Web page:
There are deliberate forces working against happiness.  I am susceptible.  My response is not to simply make the concession and “work on how I deal with it.”  Rather, it seems a counter-strategy is in order.  A multi-faceted approach to beat back the clench of the age (WB).  It’s under development and will be public noticed at a later time.  Submitted comments may or may not be afforded response. 

In the interest gathered here – that being fishing – it can be said that walking rivers is a mainstay.  Walking with kids.  Watching friends get drifts right and lift rods in joy.  Seeing kids with rods doubled over, tips touching water.  Finding carp unawares, tailing in rocks.  And in the case of this report – walking moderately deep into a valley with a mission of gender maintenance.  That meaning fighting through deep snow, cold weather, and edge-ice to catch some fish.  Not a lot of fish.  But fish got by a decisive action that kept us on the track of difficulty (as opposed to running around looking for easier water).  Yeah, we know “difficulty” should not be a term in the playground world of fishing.  But we are at that point.  We have to invent some difficulty to keep sanity intact.  We know, we know we are playing at edges; thanks for the comments in that regard.  We know, we know this is just too much writing on fishing; you try too hard to justify things, thanks again for those notes but they fall flat.  Many people know exactly what I am saying, I suspect. 
These guys here are coworkers and friends.  We’ve met occasionally on these waters; they appreciate them.  In some way or another I suppose we’re looking for the same things.  Exertion, sweat, blood, the high hill, camaraderie, the riffle and the deep pool.  I did not line a rod until 330 PM.  Snowshoes were needed.  A fire was tended at a big corner hole.  And when the first line came tight on a fish there was an insuppressible whoop bookended by swills of fiery drink.  Things done, things left undone, we felt pretty good out there in the end.  Some minor league swashbuckling.  We need it.  We better damn well face up to that fact or all the analysis will be based on false premises.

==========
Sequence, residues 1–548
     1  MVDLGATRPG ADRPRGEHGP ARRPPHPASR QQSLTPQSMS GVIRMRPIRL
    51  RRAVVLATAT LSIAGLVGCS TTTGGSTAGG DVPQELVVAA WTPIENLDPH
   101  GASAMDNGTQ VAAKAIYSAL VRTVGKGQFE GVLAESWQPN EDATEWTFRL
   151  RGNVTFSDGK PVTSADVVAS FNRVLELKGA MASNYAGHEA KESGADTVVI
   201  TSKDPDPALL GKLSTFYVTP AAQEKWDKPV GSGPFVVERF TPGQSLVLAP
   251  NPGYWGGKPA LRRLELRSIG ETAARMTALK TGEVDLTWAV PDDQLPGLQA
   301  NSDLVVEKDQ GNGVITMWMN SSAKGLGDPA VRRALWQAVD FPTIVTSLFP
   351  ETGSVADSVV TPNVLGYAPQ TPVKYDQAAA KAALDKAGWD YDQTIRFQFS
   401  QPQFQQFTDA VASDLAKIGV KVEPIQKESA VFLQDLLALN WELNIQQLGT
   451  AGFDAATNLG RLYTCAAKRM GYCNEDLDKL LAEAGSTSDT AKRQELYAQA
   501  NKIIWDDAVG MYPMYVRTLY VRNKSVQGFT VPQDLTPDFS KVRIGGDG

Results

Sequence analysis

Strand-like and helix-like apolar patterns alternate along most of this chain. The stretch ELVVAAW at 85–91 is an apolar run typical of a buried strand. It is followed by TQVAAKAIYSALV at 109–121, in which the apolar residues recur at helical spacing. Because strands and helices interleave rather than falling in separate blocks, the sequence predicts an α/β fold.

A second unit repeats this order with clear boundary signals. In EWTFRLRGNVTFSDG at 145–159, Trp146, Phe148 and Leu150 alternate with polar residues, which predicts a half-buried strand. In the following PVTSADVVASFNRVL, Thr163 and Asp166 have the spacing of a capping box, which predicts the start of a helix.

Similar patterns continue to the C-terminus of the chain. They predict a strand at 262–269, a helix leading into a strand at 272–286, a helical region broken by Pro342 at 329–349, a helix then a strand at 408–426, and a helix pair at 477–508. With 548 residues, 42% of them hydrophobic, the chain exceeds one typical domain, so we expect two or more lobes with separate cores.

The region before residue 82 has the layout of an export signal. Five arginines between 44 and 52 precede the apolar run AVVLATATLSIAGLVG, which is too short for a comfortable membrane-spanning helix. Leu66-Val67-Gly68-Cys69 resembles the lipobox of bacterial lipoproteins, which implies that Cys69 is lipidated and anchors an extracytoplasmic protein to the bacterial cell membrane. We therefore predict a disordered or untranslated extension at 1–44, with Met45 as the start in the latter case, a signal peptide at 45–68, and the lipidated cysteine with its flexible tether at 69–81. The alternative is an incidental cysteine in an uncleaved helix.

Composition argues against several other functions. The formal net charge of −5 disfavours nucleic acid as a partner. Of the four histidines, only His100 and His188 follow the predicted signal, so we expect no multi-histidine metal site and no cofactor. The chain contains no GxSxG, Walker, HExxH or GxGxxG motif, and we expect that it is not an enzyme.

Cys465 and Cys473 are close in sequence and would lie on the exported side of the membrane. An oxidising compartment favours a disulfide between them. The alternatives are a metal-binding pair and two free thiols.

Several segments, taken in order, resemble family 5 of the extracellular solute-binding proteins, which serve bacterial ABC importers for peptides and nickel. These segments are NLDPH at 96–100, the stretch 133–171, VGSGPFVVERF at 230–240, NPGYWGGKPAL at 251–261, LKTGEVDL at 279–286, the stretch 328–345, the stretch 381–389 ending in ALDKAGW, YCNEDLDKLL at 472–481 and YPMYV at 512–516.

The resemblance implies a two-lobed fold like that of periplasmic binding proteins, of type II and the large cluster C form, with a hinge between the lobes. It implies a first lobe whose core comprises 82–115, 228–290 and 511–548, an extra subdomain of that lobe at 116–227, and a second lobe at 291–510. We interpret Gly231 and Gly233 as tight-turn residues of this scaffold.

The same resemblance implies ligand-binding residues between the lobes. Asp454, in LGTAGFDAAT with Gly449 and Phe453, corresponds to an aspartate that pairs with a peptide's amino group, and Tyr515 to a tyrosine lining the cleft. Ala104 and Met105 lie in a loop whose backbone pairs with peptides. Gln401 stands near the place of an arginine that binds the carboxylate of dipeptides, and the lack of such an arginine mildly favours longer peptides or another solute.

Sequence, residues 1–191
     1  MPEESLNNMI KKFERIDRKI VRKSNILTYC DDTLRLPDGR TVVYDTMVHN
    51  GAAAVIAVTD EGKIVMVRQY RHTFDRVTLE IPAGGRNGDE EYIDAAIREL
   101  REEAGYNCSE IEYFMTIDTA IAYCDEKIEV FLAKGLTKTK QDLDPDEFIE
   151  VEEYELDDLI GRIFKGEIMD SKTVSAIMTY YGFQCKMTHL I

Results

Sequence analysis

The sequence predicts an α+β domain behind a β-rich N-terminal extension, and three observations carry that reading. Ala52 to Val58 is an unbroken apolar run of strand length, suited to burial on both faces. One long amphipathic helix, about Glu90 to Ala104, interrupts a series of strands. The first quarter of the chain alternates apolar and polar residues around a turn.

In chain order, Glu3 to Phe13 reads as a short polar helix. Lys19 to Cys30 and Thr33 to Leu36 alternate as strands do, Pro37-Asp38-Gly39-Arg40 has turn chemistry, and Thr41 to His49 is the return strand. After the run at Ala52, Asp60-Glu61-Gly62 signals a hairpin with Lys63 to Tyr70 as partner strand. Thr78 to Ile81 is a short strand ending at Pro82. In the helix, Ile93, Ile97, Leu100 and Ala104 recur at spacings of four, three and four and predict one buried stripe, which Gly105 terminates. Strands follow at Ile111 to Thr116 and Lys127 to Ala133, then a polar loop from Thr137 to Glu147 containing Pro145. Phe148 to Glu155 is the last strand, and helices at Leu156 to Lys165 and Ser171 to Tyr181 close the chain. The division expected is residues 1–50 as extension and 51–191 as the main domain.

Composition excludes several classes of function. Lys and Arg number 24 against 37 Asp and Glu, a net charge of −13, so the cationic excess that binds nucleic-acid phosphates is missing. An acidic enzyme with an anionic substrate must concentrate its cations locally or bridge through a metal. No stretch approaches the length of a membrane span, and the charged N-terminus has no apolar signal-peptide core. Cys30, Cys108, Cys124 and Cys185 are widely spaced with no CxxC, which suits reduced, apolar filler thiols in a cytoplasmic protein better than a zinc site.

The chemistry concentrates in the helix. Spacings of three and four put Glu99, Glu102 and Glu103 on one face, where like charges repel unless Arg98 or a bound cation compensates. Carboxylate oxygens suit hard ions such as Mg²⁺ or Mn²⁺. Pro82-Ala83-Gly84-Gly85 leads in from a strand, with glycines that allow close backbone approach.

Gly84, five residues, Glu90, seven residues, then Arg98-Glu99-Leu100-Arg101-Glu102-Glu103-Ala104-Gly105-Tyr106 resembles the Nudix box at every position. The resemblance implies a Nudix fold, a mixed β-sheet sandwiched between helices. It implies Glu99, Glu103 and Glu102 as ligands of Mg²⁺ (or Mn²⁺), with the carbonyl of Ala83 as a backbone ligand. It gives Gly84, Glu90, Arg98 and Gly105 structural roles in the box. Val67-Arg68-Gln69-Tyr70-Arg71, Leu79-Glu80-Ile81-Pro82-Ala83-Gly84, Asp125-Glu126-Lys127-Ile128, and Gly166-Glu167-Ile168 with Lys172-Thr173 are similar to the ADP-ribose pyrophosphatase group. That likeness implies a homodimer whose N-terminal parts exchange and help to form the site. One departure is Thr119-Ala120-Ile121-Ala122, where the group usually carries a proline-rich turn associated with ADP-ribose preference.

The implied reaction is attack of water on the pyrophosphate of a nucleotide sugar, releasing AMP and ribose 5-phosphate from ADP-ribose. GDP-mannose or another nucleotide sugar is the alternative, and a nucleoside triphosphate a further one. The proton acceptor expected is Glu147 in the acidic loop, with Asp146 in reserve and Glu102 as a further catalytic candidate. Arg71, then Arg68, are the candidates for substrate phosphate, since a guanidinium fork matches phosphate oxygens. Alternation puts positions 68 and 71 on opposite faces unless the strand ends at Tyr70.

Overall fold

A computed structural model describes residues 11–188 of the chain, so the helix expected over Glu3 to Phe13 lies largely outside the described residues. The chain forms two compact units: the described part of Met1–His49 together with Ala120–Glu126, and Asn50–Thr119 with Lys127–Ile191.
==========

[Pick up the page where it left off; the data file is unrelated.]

Some guys got up early and drove for this outing.  Photo credit J.J.

Drifting under close watch of the sandstone.  Note ice conditions.

Need a bird dog focus when nymphing.

Postcard from the valley.  We watched two coyotes cross just upstream at that next bend. 

Putting in work.  Big corner hole.  Tough to fish given conditions.

Prettiest fish of the day; I never did see in person.  Photo credit J.J.

Cold.  Do what you can do.  A fire like no other because all the dead wood comes from different stands upstream.  Carried down and left on bends in various postures.

Big hole full of fish.  We all got some good drifts.  The fish never got onto us; suppose we could have camped here.

Photo credit J.J.  Rarely get to see myself like this so I appreciate it.  Broke out the old neoprenes for the cold weather beat-back.

Nice pack.

Walking out together.  Sweating I suppose.